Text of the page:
Hammer House of HorrorThe Complete Hammer House Of Horror
Directors: Alan Gibson, Peter Sasdy, Tom Clegg

Actors: Pierce Brosnan, Peter Cushing, Brian Cox, Denholm Elliott
Review by Brian M. Sammons

Dear lord do I love me some horror films from Hammer Studios. From true classics such as the Christopher Lee and Peter Cushing Dracula and Frankenstein films of the ’60s and ’70s, to the sadly little known sci-fi Quatermass movies, to doing the very good remake Let Me In in 2010, Hammer Films has always delivered far more hits than misses. I’ve been a Hammer fanboy since I was a boy and for good reason. So when I heard about this series coming out on DVD I did a little happy dance. But was that dance war warranted? Let’s find out.

In the yesteryear of 1980 the famous UK movie maker tried their hand at bringing horror to the small screen with a TV show called Hammer House of Horror. It was an anthology show in the vein of Tales from the Darkside or Tales from the Crypt (although this show predates both) and this short lived series had 13 one hour long episodes. What made it stand apart from such genre shows done here in The States was the blood and nudity that would oftentimes pop up in the mini-movies. And let me just say that you’ve got to love the Brits, if for no other reason than because they don’t have a national emergency should a nipple get shown on TV. Furthermore, while the two American “Tales” anthology shows would often have episodes that were all wink-wink, nod-nod towards what was supposed to be horrifying, Hammer played things very seriously. They wanted to make scary television first and foremost and I appreciate that, even if they weren’t always successful.

Now I am not such a fanboy that I am blind to when this show stumbles, if not outright falls on its face. Some of the episodes do seem (now over thirty years later) to be a bit predictable if not clichéd. Others feel padded and bloated, like a simple idea stretched to cover the near hour runtime. And one or two were just not very good at all. But the majority of episodes were enjoyable, even the ones where you could see the twist coming, because such twists have since been done to death in a dozen other movies to come out after this show. Moreover, some episodes were still as good and as powerful as they were all those years ago. Now I won’t tell you which episodes didn’t really work for me, because I don’t want to color your perception of them before you get a chance to see and experience them for yourself, but I will give a shout out to some of the stronger ones.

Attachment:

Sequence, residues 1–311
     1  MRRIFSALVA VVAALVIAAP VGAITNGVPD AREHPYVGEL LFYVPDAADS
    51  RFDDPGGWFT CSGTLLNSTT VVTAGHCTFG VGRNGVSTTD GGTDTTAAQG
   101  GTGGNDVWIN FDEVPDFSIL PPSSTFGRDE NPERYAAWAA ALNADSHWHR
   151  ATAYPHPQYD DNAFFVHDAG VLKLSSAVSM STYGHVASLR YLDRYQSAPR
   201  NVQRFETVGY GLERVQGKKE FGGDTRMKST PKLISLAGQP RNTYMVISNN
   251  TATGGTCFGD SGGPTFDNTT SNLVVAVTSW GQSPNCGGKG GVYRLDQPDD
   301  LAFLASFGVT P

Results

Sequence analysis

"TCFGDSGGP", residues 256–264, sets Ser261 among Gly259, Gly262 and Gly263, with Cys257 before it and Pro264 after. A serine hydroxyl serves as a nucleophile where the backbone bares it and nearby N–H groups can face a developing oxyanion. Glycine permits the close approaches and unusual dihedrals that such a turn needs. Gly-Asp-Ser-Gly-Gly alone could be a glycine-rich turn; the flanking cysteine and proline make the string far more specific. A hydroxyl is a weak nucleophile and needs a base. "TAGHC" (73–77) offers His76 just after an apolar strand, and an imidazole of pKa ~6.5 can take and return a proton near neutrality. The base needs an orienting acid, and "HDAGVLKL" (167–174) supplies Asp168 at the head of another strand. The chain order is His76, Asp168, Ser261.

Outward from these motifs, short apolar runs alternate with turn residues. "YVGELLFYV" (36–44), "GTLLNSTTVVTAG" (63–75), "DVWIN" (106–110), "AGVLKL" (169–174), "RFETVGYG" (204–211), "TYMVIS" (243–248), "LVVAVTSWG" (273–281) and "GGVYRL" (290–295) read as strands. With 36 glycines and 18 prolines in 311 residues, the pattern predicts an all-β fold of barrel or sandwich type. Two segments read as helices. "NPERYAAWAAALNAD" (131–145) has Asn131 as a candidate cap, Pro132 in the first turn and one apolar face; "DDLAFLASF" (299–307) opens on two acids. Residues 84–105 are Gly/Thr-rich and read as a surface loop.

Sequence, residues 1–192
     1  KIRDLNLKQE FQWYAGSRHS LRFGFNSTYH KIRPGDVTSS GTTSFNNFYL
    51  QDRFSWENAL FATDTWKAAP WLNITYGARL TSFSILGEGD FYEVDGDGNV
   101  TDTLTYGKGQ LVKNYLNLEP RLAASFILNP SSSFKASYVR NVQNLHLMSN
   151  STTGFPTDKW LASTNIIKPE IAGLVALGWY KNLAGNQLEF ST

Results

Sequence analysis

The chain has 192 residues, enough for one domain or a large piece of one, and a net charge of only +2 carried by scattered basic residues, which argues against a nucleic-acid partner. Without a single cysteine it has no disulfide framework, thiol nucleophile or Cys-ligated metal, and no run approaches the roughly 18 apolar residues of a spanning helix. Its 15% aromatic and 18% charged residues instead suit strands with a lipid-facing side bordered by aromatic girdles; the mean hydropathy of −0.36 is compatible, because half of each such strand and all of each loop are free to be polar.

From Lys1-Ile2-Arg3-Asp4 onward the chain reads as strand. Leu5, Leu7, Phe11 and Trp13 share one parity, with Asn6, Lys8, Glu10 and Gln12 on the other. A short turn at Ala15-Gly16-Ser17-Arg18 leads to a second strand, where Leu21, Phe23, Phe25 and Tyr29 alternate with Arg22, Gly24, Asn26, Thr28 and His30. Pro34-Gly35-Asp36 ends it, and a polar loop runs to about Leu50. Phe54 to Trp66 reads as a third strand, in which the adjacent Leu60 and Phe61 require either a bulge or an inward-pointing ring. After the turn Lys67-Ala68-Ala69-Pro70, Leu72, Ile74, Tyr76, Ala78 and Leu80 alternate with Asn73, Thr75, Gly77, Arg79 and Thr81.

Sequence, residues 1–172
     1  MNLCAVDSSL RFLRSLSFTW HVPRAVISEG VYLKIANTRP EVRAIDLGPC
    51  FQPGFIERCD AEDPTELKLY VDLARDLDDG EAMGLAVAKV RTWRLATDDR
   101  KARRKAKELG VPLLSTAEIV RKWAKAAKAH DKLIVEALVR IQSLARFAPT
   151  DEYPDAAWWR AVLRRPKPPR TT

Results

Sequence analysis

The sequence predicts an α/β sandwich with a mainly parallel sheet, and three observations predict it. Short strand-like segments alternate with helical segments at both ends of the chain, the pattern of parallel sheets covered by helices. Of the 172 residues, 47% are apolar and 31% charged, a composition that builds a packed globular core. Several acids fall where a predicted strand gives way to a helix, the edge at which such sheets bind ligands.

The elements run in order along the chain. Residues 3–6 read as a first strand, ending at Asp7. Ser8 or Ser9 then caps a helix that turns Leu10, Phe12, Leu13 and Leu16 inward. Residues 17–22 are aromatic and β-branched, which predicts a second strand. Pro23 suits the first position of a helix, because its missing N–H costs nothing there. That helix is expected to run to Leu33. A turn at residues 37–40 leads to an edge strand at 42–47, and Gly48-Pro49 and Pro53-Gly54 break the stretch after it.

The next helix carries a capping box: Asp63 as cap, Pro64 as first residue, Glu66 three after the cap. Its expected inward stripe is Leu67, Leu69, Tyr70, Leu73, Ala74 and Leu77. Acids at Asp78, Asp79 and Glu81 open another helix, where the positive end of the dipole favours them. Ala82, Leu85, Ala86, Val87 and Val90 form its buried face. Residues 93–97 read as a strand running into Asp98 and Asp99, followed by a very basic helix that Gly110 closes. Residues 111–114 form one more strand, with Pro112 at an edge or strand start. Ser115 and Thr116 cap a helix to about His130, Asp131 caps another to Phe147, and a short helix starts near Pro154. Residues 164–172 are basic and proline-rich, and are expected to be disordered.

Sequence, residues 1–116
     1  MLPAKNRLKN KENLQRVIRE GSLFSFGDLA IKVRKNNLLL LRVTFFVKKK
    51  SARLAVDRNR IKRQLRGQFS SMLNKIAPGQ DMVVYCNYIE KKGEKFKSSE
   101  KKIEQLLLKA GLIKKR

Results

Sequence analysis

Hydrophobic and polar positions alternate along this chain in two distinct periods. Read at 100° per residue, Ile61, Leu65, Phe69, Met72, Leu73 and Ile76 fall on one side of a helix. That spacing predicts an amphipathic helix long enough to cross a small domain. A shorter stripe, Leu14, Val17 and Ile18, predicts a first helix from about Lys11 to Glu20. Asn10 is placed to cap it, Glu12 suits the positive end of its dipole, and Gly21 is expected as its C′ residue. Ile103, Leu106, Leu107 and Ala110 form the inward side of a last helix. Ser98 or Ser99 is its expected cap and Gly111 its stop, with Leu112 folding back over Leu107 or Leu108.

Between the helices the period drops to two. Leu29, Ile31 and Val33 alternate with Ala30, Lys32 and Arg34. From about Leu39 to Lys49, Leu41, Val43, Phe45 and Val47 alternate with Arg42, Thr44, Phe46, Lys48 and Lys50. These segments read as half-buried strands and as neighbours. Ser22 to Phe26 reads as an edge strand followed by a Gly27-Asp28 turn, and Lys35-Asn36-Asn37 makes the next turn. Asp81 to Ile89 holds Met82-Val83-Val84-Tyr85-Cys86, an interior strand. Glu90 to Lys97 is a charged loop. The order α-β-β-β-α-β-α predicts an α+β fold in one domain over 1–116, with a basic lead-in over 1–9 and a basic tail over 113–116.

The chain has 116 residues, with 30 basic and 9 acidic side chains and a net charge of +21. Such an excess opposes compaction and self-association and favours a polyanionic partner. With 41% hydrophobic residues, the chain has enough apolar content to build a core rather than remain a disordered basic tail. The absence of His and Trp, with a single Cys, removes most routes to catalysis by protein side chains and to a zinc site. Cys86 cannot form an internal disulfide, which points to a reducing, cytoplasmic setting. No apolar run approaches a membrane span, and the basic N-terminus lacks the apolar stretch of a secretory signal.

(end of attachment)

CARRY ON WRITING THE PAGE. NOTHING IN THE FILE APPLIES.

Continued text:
“The Thirteenth Reunion” I thought was good, even if I guessed the twist about 10 minutes into it. That just shows how well it was made and acted that even though I knew where it was going, I still enjoyed the ride. “The Silent Scream,” besides having the best title out of the episodes, may be my favorite of the bunch. I thoroughly enjoyed it. “The Mark of Satan” was paranoid fun about a man seeing a certain number everywhere he looks and how it starts to undo him. “Rude Awakening” was a great little gem of an idea that I thought was pulled off very well. “Visitor from the Grave” I thought was the one that was most like a Tales from the Crypt episode in both tone and title and that’s not a bad thing. And “The House That Bled to Death” was a pretty good take on the typical haunted house story. There are other good episodes to be found in this show, but these were the favorites of mine.

This new 5 – DVD collection from the awesome Synapse Films comes with more special features then I expected from an old British TV show. Each episode has an introduction by film historian Shane M. Dallmann that I found pretty informative. There is a short interview with Kathryn Leigh Scott, an actress perhaps best known for being in the old Dark Shadows show who also appeared in the episode “Visitor from the Grave.” There is another short interview with actress Mia Nadasi who played the Gypsy fortune teller in the same episode “Visitor from the Grave.” I found it odd that the only two interviews are both from the same episode, but whatever. A still gallery brings the extras to a close.

Hammer House of Horror was an uneven bag for me, but then I can say that about every horror anthology show. Not even the classic Twilight Zone had a perfect batting average, and that’s the gold standard for genre television. I did like this show quite a bit, I enjoyed the British take on horror, the blood and sex was refreshing, and it had that recognizable Hammer charm that I love so much. For the true horrorheads out there that want to consume all things terrifying, you’ve got to get this new DVD set from Synapse. Consider it part of Horror History 101. For the casual fan that thinks the Saw movies were the height of fright or when thinking of The Texas Chainsaw Massacre they first remember the 2003 remake, well you might as well pass on this one, as you’ll most likely hate it.

About Brian M. Sammons

Brian M. Sammons has penned stories that have appeared in the anthologies: Arkham Tales, Horrors Beyond, Monstrous, Dead but Dreaming 2, Horror for the Holidays, Deepest, Darkest Eden and others. He has edited the books; Cthulhu Unbound 3, Undead & Unbound, Eldritch Chrome, Edge of Sundown, Steampunk Cthulhu, Dark Rites of Cthulhu, Atomic Age Cthulhu, World War Cthulhu and Flesh Like Smoke. He is also the managing editor of Dark Regions Press’ Weird Fiction line. For more about this guy that neighbors describe as “such a nice, quiet man” you can check out his infrequently updated webpage here: http://brian_sammons.webs.com/ and follow him on Twitter @BrianMSammons.

Pin It on Pinterest

Share This